On April 1, 2019, the US government updated the Federal Register with new bankruptcy exemptions and Chapter 13 debt limits.
Changes That Were Made
Some examples of the changes are: the homestead exemption increased from $23,675 to $25,150 and the wild card exemption increased from $1,250 to $1,325, plus the unused homestead exemption from $11,850 to $12,575.
In addition, the motor vehicle exemption increased from $3,775 to $4,000, household property from $12,625 to $13,400 and jewelry from $1,600 to $1,700.
Also, tools of trade increased from $2,375 to $2,525, life insurance from $12,625 to $13,400 and a personal injury claim from $23,675 to $25,150.
Finally, the debt limitations for Chapter 13 went from $394,725 to $419,275 in unsecured debt and $1,184,200 to $1,257,850 in secured debts.
How These Changes Could Affect Filing for Bankruptcy
Because of the increase in exemptions, it could make a difference whether you have to file a Chapter 7 or Chapter 13 bankruptcy.
For example, if you owned a home that you were current, which was worth $200,000, and you had a mortgage balance of $155,000 and no other substantial assets or financial accounts, I would have recommended that you file a Chapter 13 prior to April 1, 2019 since there would be a possibility that a Chapter 7 trustee would sell your home since you would have a few thousand dollars of non-exempt equity.
However, with the same facts today, you would be eligible for a Chapter 7 since the exemptions have increased from $23,675 to $25,150, which would cover your exemption. Also, when you add the increased exemptions from automobiles, tools of the trade, jewelry and life insurance, it could make a difference whether a trustee will sell your property with the higher exemption.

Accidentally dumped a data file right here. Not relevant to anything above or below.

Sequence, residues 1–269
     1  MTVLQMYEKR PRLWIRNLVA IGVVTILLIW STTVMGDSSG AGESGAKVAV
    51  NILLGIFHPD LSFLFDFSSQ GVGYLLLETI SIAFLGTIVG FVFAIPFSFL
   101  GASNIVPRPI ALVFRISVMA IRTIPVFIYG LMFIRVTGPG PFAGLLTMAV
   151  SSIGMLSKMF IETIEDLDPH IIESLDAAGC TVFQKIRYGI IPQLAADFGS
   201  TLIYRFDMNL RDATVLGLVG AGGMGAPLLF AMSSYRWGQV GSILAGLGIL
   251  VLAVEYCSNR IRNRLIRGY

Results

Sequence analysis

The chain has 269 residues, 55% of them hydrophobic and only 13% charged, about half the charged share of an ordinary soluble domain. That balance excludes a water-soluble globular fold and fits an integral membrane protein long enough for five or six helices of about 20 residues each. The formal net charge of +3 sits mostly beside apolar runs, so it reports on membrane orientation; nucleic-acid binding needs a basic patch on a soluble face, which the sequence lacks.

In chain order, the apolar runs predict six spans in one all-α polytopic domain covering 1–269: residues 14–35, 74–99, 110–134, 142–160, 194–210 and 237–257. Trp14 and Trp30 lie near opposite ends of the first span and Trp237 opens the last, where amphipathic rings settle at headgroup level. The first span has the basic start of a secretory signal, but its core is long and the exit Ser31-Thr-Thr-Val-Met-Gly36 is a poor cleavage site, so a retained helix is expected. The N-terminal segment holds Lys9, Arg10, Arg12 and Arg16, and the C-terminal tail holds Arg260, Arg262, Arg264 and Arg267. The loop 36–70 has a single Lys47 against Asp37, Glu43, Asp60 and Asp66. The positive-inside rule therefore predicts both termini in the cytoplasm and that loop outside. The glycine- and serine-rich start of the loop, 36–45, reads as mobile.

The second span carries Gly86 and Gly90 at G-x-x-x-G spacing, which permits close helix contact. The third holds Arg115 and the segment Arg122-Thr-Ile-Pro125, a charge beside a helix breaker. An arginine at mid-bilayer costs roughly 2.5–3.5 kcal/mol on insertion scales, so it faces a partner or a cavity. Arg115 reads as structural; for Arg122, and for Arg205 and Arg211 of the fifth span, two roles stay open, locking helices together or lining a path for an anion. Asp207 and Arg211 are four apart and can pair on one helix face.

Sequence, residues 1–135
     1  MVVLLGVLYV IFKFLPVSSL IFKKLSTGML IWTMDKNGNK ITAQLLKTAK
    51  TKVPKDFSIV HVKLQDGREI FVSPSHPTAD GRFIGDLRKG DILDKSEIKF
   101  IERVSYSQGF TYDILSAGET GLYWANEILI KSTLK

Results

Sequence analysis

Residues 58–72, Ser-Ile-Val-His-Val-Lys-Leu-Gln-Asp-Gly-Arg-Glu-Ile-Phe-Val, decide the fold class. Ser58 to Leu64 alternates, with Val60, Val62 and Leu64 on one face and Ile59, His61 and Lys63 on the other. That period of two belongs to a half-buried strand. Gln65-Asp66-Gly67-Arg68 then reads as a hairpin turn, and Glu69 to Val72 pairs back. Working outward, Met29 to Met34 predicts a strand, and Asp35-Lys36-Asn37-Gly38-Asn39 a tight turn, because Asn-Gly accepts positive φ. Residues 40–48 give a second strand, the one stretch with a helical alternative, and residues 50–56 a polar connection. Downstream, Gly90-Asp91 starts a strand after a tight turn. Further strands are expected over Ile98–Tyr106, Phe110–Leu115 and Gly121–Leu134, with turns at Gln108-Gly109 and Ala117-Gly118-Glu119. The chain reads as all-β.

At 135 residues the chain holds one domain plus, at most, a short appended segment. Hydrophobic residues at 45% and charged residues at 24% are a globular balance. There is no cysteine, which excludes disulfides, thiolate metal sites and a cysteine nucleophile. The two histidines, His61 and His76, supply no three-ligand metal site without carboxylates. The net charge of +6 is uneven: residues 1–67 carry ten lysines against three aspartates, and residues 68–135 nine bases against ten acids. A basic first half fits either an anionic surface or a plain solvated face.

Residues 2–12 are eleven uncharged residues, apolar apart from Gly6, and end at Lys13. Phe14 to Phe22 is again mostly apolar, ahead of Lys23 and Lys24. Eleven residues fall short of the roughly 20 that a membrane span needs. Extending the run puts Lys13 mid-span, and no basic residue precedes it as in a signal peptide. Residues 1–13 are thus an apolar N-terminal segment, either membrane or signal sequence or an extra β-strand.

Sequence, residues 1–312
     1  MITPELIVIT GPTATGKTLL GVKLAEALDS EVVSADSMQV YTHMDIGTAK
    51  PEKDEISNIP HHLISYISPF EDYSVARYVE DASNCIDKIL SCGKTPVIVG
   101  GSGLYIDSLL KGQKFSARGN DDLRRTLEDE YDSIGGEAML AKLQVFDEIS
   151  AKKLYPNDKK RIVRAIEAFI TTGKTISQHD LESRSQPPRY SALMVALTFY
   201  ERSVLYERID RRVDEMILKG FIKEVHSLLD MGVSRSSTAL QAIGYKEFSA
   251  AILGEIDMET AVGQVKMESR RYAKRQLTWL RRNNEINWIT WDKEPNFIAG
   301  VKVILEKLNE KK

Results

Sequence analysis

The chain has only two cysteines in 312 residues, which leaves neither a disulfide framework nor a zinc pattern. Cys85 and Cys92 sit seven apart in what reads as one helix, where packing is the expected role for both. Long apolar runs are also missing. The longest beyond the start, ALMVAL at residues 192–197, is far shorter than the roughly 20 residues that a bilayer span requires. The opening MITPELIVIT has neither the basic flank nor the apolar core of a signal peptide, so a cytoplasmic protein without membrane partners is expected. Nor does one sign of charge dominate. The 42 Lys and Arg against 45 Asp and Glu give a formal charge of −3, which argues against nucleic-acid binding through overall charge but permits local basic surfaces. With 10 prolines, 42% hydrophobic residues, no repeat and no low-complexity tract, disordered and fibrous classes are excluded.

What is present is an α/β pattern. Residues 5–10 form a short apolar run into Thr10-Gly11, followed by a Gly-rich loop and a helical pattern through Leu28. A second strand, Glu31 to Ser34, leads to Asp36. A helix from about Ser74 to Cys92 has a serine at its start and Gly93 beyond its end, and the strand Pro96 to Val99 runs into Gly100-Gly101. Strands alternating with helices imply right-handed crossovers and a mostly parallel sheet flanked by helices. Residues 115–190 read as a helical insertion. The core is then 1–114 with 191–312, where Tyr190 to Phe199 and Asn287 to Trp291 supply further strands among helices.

Thus, the new exemptions can help you qualify for a Chapter 7 when you didn’t before or lower your payments to general unsecured creditors in Chapter 13.
The other major advantage under the new adjustments is that there are increased debt limitations for a Chapter 13.
In the past, if you wanted to save your property, you would not be eligible for Chapter 13 if you had unsecured debt over $394,725 or secured debt over $1,184,200. People would also be forced to file an individual Chapter 11 to save their property, which was extremely costly.
Thus, with the changes in the law, debtors with substantial property may be able to qualify for an individual reorganization under Chapter 13.
Steven N. Taieb, Esq. has been a South Jersey Bankruptcy Attorney for over 34 years and is board certified in consumer bankruptcy law by The American Board of Certification which is accredited by The American Bar Association.